Md. businessman sees promise in downtown Martinsburg

September 29, 2007|By MATTHEW UMSTEAD

MARTINSBURG, W.Va. - Nearly seven years have passed since Ben T. Fogle saw the photograph that brought him to downtown Martinsburg.

The image of the former Shenandoah Hotel/Gateway Inn, even in its deteriorated condition in the fall of 2000 "looked good," the Potomac, Md., businessman recalled last week.

Beyond the white paint flaking from the cornices and window trim and the busted window panes that invited pigeons, Fogle saw fine architecture and potential.

What was an anchor to the community in the first half of its 80-plus years, when notable guests such as Robert F. Kennedy and actress Debbie Reynolds visited, had declined with the rest of the downtown when the impact of Interstate 81 west of the city began to register.


Vacant storefronts, in fact, still can be found in Martinsburg's historic district, and Fogle has a few in the hotel building and other neighboring properties he has purchased since buying the hotel. His investments include buildings at 201 and 203 N. Queen St., 110-116 W. Martin St. and 115-119 E. Martin St.

Fogle believes downtown will rebound, sooner or later.

"How long it takes to get going depends on how much effort the city fathers want to put into it," said Fogle, who cited successful efforts in Hagerstown and Frederick, Md.

"He must see something in the downtown area," Martinsburg Mayor George Karos said of Fogle. "Whatever he does, he does right."

Fogle believes city leaders should be making offers to business owners, particularly new investors, to encourage them to stay downtown.

"If you make it onerous on them before they're up and running, then they all will go away," Fogle said.

Randy Lewis, executive director of Main Street Martinsburg, said last week he anticipates exploring incentives, particularly related to the city's business and occupation tax, which is applied to gross sales.

"We are working with the city to do incentives to bring businesses downtown," Lewis said.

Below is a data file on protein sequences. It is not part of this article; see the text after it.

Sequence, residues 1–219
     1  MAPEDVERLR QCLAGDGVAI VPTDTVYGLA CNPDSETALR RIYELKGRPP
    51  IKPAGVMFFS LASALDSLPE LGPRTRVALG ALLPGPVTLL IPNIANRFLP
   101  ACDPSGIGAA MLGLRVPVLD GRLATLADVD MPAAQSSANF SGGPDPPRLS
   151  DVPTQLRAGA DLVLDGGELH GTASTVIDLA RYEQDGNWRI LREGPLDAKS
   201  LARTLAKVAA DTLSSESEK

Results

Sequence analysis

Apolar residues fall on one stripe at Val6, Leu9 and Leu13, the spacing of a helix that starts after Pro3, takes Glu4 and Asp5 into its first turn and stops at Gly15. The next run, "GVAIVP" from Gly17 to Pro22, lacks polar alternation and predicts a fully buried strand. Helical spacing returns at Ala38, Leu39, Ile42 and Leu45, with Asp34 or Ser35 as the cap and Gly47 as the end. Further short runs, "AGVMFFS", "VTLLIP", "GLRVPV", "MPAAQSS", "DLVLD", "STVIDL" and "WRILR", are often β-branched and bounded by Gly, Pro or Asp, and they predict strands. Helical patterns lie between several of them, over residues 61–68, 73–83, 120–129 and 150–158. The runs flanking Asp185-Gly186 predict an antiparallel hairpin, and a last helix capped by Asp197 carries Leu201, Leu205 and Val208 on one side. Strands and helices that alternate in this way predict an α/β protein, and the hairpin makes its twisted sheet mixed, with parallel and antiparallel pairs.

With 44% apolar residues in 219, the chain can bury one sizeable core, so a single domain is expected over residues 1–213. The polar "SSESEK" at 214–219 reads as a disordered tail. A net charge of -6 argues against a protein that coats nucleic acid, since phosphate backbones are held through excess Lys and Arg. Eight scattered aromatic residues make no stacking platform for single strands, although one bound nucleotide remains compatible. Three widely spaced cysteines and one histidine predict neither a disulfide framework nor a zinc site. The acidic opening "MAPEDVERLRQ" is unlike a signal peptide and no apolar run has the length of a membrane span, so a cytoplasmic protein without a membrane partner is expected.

Based on economics alone, Fogle said he believes business owners will start coming back to the city's historic district as the rent and property values along I-81 continue to increase.

"It's usually art and restaurants that usually brings them back," Fogle said of other downtown districts that he has seen revitalized. "We've been talking about having a culinary school at the Shenandoah building and having a restaurant there, too. Everybody loves to cook."

A new restaurant at the Shenandoah would fill a space occupied by Peking Restaurant, which relocated to 139 S. Queen St. a few years ago.

Rentals of the Shenandoah's crystal chandelier-lighted space for weddings and receptions, including one held this month for lawmakers in town for legislative interim meetings, have doubled since last year, Fogle said.

Among the restaurants that have opened downtown in the last few months are Chef Raffaele, an Italian bistro at 301 W. King St., Corleone Restaurante at 131 S. Queen St., The Historic Market House Grill at 101 N. Queen St. and Limerick Pub & Grille at 220 N. Queen St. All of the new businesses replaced pre-existing restaurants.

Aside from quality businesses, Fourth Ward Councilman Roger Lewis believes a major component to revitalization is the need for residential property to be renovated to modern standards and to attract responsible tenants.

"It has to look first-class," Lewis said.

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